The war in Ukraine: are we going to negotiate?
December 2, 2022
After more than 9 months, the Ukrainian conflict seems to be entering a new phase. Last month’s withdrawal of Russian troops from the city of Kherson, which fell into Russian hands a few days after the offensive began, was a major strategic setback. What is the current situation on the ground? And Vladimir Putin’s support abroad? Can we move forward with negotiations? Update with IRIS research director Jean de Gliniasty, former French ambassador to Moscow.
What is the current situation on the ground? Are we headed for a frozen conflict?
The current situation is preparation for new military operations. The fighters went through a period where we can say “. rasputitsa”, the time of the year when the rains turn the ground into mud. Tanks are swamped and troops are paralyzed, which has resulted in attacks, especially in Ukraine. Now we’re entering a period where the ground is starting to freeze, so the armor will be able to maneuver again. The Ukrainians will try to use their advantages on the ground, especially to the North.
At the same time, the Russians are increasing their efforts to take Bakhmout, which has gained symbolic value as a lock towards the capital of Donbass, Kramatorsk. The Russians are trying to encircle it at the cost of heavy losses. The fighting will continue even more fiercely. We are on the brink of a resumption of military action, which, if unsuccessful, could lead to negotiations.
Is Putin’s support abroad decreasing?
The word support is an extreme word. Neither out of reluctance or general hostility toward the “collective West,” as the Russians put it, nor because they have special interests that overlap with Russia’s, do they want to impose sanctions, nor do outright condemning countries. The occupation of Ukraine. However, these countries cannot be understood as a homogeneous group. Some of them stay away from the occupation, but do not apply the sanctions, while others apply only a certain part of them. For example, the Chinese do not supply military equipment, but are eager to import Russian oil at low prices. However, what is certain is that at the Shanghai Cooperation Organization summit in September, the Collective Security Treaty Organization summit in Samarkand last week, and the G20 summit in Bali in mid-November, many countries expressed their desire to leave this country. war. They “condemned” him, to use a word used in Bali.
Therefore, there is a general fatigue from this war, which hinders the economic development of these countries in particular and is the beginning of a kind of serious economic crisis. In addition, support for Russia—or at least attitudes—hasn’t changed much: those who don’t impose sanctions are still unchanged, and those who say they won’t recognize the four new regions created by Russia have never changed their position. minds. Against the background of this general reluctance to war, there is a kind of multipolarity outside the Western bloc. Depending on the interests of each, we support Russia more or less.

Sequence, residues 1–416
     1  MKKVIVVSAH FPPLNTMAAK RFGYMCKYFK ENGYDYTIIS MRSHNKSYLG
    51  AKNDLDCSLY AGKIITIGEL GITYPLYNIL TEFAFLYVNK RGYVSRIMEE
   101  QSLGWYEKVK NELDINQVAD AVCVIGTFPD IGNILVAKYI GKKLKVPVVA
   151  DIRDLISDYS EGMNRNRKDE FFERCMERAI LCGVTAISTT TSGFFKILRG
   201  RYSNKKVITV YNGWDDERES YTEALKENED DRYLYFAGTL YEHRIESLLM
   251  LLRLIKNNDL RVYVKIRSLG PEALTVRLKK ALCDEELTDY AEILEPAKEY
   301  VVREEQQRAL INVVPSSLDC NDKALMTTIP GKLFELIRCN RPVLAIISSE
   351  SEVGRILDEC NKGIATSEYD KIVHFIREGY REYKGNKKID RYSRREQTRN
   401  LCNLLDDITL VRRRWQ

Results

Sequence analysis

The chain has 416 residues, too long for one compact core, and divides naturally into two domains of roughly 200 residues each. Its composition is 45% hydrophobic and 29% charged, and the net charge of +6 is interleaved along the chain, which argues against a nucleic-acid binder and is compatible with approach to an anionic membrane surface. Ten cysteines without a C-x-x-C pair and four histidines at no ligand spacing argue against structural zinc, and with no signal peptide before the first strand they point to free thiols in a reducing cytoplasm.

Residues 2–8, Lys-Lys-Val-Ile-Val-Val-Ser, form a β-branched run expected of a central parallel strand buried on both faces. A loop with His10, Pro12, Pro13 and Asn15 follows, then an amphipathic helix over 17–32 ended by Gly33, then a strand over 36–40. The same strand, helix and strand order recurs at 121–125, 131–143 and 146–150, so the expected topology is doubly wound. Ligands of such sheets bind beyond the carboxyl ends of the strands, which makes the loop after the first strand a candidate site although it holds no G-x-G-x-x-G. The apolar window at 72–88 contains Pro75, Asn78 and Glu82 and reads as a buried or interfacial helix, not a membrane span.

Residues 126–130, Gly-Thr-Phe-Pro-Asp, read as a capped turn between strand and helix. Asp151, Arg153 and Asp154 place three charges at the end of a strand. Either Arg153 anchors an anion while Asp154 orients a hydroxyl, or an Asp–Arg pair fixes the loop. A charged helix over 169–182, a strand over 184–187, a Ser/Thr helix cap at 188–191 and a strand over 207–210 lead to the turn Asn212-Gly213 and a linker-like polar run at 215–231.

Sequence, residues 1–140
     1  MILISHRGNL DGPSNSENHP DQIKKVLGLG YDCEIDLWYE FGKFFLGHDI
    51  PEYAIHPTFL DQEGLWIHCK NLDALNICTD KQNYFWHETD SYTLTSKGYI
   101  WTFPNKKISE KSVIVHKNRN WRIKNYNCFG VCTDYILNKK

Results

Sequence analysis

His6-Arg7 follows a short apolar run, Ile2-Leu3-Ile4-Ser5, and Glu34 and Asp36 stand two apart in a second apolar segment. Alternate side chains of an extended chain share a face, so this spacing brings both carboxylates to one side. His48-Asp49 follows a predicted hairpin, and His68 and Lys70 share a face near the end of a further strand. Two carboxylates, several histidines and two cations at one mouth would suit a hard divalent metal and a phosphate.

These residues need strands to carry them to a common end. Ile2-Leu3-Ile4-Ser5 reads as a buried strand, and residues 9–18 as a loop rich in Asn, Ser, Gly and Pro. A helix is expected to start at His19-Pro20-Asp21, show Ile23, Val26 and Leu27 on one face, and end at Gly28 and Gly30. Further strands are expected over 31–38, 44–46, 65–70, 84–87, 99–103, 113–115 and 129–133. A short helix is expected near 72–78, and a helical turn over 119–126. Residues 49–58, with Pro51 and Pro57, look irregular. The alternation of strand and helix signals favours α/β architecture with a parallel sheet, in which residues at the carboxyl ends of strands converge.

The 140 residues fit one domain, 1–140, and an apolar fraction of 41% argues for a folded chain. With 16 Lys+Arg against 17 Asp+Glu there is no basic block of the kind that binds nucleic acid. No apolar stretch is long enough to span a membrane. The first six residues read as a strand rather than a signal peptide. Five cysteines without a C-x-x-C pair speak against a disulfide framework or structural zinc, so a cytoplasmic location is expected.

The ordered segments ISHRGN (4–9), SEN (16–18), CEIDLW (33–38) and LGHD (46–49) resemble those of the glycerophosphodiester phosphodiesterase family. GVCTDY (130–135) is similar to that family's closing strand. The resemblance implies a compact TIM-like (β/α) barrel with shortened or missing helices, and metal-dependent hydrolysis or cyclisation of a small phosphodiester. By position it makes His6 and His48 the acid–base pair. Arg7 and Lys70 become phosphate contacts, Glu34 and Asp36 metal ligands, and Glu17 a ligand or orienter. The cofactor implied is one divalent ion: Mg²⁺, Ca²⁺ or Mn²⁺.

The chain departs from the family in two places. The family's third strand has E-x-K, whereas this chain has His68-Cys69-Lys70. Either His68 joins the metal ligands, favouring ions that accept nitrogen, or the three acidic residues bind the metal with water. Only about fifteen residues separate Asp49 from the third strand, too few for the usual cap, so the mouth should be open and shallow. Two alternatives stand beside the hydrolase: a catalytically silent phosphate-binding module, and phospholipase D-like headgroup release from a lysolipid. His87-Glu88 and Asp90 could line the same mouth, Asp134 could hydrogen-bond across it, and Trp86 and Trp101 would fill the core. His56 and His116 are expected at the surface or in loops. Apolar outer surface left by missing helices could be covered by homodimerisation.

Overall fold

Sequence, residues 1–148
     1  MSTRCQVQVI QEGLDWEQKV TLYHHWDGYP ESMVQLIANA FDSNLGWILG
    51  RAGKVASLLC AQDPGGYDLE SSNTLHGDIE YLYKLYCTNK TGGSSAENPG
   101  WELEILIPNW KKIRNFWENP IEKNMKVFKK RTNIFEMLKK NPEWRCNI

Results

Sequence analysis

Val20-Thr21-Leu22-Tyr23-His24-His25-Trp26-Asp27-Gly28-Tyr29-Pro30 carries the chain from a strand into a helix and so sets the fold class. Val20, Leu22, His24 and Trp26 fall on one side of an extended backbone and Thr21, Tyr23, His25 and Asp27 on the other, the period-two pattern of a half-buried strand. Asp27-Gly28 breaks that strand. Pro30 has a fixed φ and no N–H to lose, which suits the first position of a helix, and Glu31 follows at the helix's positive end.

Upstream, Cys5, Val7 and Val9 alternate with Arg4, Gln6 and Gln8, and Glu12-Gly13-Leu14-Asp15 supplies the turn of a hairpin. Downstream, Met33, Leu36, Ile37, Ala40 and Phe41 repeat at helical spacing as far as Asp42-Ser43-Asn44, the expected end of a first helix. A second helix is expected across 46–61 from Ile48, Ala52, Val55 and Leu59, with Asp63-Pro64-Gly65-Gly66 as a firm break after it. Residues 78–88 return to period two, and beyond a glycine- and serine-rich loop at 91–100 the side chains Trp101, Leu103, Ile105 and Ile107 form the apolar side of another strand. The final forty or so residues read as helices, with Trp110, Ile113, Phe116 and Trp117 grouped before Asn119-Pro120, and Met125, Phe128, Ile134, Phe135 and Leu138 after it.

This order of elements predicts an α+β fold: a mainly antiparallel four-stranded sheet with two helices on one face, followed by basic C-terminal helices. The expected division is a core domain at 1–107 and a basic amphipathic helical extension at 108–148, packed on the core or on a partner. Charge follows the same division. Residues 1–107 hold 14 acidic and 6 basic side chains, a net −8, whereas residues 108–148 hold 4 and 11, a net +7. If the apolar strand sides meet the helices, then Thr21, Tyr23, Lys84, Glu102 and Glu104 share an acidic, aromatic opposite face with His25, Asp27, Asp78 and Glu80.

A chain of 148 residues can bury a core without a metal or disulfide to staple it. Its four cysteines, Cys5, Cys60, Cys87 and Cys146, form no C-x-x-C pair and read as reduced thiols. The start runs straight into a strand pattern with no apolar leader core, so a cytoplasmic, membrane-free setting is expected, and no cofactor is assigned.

Can we move forward with negotiations? Which actors are in favor of it? Who is against?
Ukrainians are the first to directly oppose the negotiations. They are in a strong position, their military is motivated, they have modern equipment – and they just got a promise from the US Congress less than a year ago to supply them with 155 mm ammunition and HIMARS missiles. One week – ; they want to score maximum points. There is no question of them negotiating when victory seems out of reach. The Russians said they are ready for unconditional negotiations at any time. And for good reason, they want to capitalize on their share of Ukrainian territory. Therefore, a truce would be a way for them to catch their breath and strengthen themselves.
We should also look at the position of the “masters of the game”, the United States, which provides $19 billion in military aid to Ukraine, and is the mainstay of the Ukrainian army and government. Currently, many rumors and statements indicate that the time has come for the United States to sit down at the negotiating table. US Army Chief of Staff General Mark Milley said recently that Washington is helping the Ukrainians to put them in a strong position during the negotiations. It is interesting because the United States is integrating the prospect of negotiations into its planning. The Chief of the General Staff also said that the time will come when both sides will realize that they cannot go further in their military project and will end up sitting around the same table. The spokesman of the White House immediately justified the words of General Mark Millay and reminded that it is up to the Ukrainians to decide when or if they want to start negotiations. But such a formula shows that the prospect is now possible.
That’s why we’re in the early stages right now. But if we add these American declarations, the war weariness that is manifesting itself in true unanimity in Bali, the Russians showing interest in negotiations for obvious reasons, we really feel the background noise that this is the time for talks. What is certain is that these talks will not take place before a new test of the balance of military power, where if the Russians collapse, the Ukrainians will rush to increase their advantage before any negotiations.